Tuesday, September 21

Tokyo Olympics: Local fans may need to show proof of vaccination or negative Covid test | Tokyo 2020 Olympics


Sports fans in Japan could be allowed to attend Olympic events in Tokyo this summer if they have proof of vaccination or a negative Covid-19 test, a newspaper reported Monday.

While many athletes are expected to be fully vaccinated by the end of July, poor planning and a shortage of staff mean that most Japanese citizens will still be waiting for a hit when the Olympics start in less than two months.

Having decided to ban foreign spectators, local organizers are pinning their hopes on a limited number of Japanese sports fans by creating a semblance of atmosphere in otherwise empty venues.

The Yomiuri Shimbun report came as another poll challenged Olympic officials’ predictions that public opposition to the Games will fade as the July 23 opening ceremony approaches.

A poll in the Nikkei business newspaper found that 62% of respondents thought the Olympics should be canceled or postponed, while 33% said they should go ahead with fewer or no spectators.

The IOC has ruled out another delay, citing an already packed sports calendar in 2022.

Chief Cabinet Secretary Katsunobu Kato told reporters that he was unaware that any agreement had been reached on domestic viewers.

“For the Games to be a success, it is necessary to take into account the feelings of the people,” Kato said, adding that the organizers will ensure that infection prevention measures are in place to organize the event safely.

Organizers have said the decision on domestic fans will be announced next month, most likely after the last round of emergency restrictions ends in Tokyo and other areas on June 20.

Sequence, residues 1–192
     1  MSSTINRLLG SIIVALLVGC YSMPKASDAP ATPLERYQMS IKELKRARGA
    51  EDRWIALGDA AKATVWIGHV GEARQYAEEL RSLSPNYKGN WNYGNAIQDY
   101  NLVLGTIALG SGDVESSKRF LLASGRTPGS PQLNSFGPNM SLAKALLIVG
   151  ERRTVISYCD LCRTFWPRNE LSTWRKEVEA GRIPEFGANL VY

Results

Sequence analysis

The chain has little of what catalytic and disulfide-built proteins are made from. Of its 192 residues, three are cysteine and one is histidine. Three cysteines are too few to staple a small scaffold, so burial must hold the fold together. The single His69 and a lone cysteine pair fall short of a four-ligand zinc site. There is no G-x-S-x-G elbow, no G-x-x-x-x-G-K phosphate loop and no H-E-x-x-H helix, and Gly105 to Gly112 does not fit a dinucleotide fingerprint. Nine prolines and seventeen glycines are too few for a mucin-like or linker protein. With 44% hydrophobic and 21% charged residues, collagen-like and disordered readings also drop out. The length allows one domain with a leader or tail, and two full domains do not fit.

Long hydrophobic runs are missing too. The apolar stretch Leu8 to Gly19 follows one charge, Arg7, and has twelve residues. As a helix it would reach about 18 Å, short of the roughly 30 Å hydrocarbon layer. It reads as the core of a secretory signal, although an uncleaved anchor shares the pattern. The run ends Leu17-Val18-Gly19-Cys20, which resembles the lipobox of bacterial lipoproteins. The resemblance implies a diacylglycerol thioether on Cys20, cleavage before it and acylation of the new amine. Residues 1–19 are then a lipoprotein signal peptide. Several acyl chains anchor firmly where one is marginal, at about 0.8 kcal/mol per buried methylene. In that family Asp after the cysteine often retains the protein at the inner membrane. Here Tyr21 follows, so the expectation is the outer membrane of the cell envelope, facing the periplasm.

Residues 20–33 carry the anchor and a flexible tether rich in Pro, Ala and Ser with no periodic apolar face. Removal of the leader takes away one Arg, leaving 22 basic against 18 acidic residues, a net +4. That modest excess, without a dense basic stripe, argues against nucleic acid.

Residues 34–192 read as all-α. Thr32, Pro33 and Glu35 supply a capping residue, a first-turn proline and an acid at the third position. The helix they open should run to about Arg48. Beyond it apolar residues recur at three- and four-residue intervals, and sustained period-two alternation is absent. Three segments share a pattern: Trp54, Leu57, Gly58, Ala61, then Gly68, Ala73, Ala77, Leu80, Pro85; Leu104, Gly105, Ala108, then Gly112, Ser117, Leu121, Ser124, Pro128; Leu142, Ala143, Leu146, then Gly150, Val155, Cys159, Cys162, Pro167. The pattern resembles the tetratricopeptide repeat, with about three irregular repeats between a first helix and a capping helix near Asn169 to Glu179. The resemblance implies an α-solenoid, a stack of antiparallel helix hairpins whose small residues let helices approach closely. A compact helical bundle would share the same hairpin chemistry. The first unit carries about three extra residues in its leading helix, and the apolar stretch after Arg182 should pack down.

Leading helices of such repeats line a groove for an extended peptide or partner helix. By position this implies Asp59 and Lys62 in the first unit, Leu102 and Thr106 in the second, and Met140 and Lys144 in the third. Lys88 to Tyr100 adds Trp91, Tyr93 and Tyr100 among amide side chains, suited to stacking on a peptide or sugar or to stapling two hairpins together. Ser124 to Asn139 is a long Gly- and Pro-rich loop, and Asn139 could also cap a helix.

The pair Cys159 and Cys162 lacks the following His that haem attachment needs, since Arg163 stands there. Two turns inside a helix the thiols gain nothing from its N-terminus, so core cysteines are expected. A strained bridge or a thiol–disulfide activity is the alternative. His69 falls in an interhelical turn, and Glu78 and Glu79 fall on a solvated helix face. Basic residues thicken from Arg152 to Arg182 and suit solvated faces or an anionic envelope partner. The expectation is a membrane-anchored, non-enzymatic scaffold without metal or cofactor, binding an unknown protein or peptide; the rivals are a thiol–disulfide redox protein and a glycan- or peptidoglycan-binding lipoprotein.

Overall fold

Prime Minister Yoshihide Suga, who faces criticism of the government’s launch of the vaccine and his silence in the face of controversial comments from International Olympic Committee (IOC) officials, is believed to be in favor of allowing Japanese citizens to attend. the events.

When the latest state of emergency was declared in Tokyo and other areas in late April, officials requested that sports and other major events be held behind closed doors. Since then, the council has relaxed to allow up to 5,000 people or 50% of a venue’s capacity.

Government officials have flagged baseball and soccer games that have been played safely with a limited number of people present.

“The discussion about not having viewers is over, and now the main point under consideration is how many we can allow,” an anonymous official told the Kyodo news agency earlier this month.

Yomiuri Shimbun’s report sparked anger on social media, where users questioned the wisdom of going ahead with the Games during the pandemic, and at a time when Japan is struggling to make significant dents in its daily case load during the last. state of emergency.

The term “negative test certificate” was trending on Twitter in Japan, generating more than 26,000 tweets on Monday afternoon.

“If you can’t eat, cheer, or high-five, what’s the use of paying a ticket and an expensive test?” one Twitter user asked, referring to other proposed security measures, while others questioned the accuracy of the Covid-19 tests.

While the pace of new infections has slowed in Tokyo, the number of critically ill Covid-19 patients across Japan has reached record levels in recent days.

There has also been criticism of the response from senior IOC officials to public concerns that the Games, which will involve some 90,000 athletes, officials, journalists, sponsors and support staff, could trigger another virus outbreak in Japan and exercise more pressure on the country. Health services.

John Coates, an IOC vice president overseeing preparations, recently said that Tokyo 2020 would go ahead even if the host city and other areas were covered by emergency measures against the coronavirus.

On Friday, Dick Pound, a senior IOC official, said that “barring Armageddon,” the Games would go ahead.

Last week, the president of the organizing committee, Seiko Hashimoto, suggested that the ban on local fans had not been ruled out.

“There are a lot of people who say that for the Olympics we have to run without spectators, although other sports accept them,” Hashimoto said. “So we have to take that into account. We must prevent local medical services from being affected. We need to take those things into consideration before agreeing on the spectator count. “


www.theguardian.com

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